Twelfth Night Or What You Will

Shakespeare is often bawdy and funny. Ovo Theatre Company’s Twelfth night, directed by Adam Nichols, is the funniest and bawdiest Shakespeare I have seen. 

Written as something of a farce and with plenty of music and comedy, the play lends itself to over-the-top reimagining and OVO have grabbed this opportunity with both hands. This is song and dance Shakespeare in which both the cast and the audience have a ball.

Faithful to the text but taking some liberties with the gender of the characters, the action takes place not on the island of Illyria as in the original, but on a cruise liner of the same name in the 1920s. This is a more modern and familiar setting for the hedonism and drunken revelry that run through a play first performed in 1601.

The director and cast wring every last comic drop from the bard’s words and throw in some contemporary touches for good measure. Carefully choreographed slapstick comedy is allied to some distinctly unshakespearean music – notably Madonna, Britney Spears, Radiohead, Wham and a brief but hilarious reference to Celine Dion’s Titanic tune. Often given a jazz treatment to suit the times, these songs are completely at home in the midst of such well orchestrated mayhem. And true to Shakespeare’s original intent, the music sharpens the drama and illuminates  the characters and their various plights. Happily there is some real singing talent on show – Hannah Francis-Baker’s Feste is always in fine voice, but is not the only one.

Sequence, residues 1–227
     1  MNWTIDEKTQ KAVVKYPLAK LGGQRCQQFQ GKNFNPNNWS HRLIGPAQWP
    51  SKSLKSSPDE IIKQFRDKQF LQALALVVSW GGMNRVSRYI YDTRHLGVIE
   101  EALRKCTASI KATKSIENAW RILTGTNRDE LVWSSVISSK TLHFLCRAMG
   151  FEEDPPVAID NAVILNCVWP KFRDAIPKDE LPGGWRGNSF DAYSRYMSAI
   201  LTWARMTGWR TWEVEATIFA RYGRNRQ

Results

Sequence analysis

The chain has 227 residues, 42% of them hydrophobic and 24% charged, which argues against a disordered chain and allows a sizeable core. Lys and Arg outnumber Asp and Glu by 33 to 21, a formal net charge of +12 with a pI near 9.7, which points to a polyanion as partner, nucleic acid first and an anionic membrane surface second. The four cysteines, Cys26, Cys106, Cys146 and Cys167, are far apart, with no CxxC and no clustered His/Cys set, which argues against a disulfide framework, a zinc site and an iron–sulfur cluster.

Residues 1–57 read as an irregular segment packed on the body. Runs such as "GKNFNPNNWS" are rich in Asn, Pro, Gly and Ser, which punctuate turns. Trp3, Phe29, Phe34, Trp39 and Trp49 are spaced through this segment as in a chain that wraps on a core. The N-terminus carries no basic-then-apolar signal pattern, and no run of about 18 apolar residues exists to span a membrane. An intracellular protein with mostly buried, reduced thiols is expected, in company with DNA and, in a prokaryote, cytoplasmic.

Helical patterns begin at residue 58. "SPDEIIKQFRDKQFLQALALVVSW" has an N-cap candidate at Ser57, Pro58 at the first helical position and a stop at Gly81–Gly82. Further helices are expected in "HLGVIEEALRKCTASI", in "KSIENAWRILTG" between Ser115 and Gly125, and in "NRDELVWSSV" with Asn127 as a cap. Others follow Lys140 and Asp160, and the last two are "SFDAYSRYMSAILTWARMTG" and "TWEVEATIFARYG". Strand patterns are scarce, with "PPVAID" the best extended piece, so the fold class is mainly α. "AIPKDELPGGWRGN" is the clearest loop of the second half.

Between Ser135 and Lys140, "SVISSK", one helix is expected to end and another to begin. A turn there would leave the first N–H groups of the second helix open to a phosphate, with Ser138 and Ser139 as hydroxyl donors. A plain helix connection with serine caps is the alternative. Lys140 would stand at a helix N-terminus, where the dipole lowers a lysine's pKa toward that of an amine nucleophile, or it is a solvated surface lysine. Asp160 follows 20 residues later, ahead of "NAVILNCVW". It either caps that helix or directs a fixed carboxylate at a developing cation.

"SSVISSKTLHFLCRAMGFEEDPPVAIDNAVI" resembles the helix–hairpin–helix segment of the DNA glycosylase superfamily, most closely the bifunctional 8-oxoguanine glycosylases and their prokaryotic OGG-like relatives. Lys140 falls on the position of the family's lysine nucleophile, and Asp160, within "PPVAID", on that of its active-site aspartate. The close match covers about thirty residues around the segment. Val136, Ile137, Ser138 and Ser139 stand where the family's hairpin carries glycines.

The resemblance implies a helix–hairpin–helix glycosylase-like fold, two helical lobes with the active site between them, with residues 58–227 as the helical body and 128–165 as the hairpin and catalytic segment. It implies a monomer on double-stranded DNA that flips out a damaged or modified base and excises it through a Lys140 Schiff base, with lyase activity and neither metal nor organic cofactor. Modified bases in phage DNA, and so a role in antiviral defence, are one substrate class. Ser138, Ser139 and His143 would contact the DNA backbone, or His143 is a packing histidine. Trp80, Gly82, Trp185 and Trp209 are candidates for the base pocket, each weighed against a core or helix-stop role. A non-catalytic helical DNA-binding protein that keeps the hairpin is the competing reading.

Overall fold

All the performances are good, but  some comic performances deserve particular mention. Anna Franklin’s Lady Toby Belch is a gloriously abandoned drunk. James Douglas’s Sir Andrew Aguecheek is a tweedy but nimble buffoon sounding alarmingly like Prince Charles.  Emma Watson’s Olivia is a predatory, lustful reflection of the excesses of of the “roaring twenties”.  And Faith Turner as gender-swapped Malvolia turns in a wonderfully tragicomic portrayal of one of Shakespeare’s better known characters.

While enormously funny, this production also touches on the more serious issues of gender identity and sexuality. There are some poignant moments – tears amongst the laughter. This might be Shakespeare reimagined, but it is true to the spirit of the original in all the most important ways.

I left feeling that this production deserves a much bigger stage and a much longer run. Catch it while you can.

Twelfth Night plays at the Rose Playhouse, 56 Park Street, SE1 9AR  until 5 May. For further information go to Tickets £17.50 or £15.00 concessions

For further information about OVO Theatre click here